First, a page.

The court found that at the time the contract was made plaintiff was the owner of the property agreed to be conveyed by her, but that the property to be conveyed by the defendant was owned by him and his wife, for whom he was guardian, in joint tenancy; that prior to the expiration of the 45 days fixed for the consummation of the exchange defendant had not deposited either his deed or money in the designated escrow; that plaintiff then gave defendant notice requiring him to perform within 5 days, but that this notice did not allow defendant sufficient time to perform. By a further finding the court declared that it was the intention of the plaintiff at the time of giving such notice and demand to withdraw from the agreement if the exchange could not be completed within the 5 days fixed by her notice and to sell her furniture, although she had been able and willing to perform at all times before. Other findings are that within the 5 days fixed by plaintiff's notice, defendant deposited $10,000 in escrow with a deed to the lots executed by him; that he immediately thereafter commenced proceedings for authority to sell his wife's interest in the lots, and some two months thereafter deposited in the escrow a deed executed by him as guardian of his wife's estate conveying her interest therein under an order of court confirming the sale; that appellant had made no misrepresentations; that the value of the properties plaintiff was to receive under the contract was not in excess of that which she was to give; and that defendant had acted in good faith at all times. Judgment was entered in favor of defendant.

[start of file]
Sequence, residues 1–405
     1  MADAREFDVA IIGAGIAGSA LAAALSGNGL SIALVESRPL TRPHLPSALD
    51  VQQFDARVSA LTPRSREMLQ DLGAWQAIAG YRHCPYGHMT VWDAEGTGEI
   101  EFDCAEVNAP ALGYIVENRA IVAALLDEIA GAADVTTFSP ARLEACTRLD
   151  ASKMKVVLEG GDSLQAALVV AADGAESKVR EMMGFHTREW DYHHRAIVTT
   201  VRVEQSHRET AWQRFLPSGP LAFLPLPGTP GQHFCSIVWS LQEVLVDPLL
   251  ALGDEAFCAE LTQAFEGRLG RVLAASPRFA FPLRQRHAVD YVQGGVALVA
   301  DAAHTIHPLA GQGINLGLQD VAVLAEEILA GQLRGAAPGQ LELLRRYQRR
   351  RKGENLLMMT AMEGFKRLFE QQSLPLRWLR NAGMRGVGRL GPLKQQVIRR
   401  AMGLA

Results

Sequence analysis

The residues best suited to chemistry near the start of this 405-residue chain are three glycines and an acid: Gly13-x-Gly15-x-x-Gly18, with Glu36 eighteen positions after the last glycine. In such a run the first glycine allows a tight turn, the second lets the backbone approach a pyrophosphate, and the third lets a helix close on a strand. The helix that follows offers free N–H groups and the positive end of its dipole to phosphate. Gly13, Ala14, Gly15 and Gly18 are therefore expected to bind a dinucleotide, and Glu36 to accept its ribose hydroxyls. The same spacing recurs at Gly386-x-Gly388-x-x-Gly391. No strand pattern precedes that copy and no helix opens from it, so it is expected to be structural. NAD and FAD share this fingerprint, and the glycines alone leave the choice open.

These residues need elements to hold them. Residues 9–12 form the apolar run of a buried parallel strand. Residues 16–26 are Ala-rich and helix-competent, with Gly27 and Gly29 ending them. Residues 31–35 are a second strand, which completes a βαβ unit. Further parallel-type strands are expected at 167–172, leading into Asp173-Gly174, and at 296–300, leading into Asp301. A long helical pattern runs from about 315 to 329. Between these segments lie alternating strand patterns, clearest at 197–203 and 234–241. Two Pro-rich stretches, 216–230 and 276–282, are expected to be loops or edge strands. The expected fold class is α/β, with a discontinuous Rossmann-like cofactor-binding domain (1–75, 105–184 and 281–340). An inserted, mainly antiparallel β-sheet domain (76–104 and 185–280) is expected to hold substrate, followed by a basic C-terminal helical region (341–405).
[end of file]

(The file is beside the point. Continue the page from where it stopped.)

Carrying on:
The evidence shows that at the time the contract was made the appellant was the owner of a furnished house, and that the real property was subject to a deed of trust to secure a note for $25,000 made by a previous owner. She entered into a written contract with Mr. Niedermeyer to exchange the house and furniture for three vacant lots. The lots which he was to convey to her were owned by him and his wife. Two days after the contract was signed, Mrs. Ellwood signed escrow instructions at a bank, and thereafter deposited with the bank a deed to her property and other papers.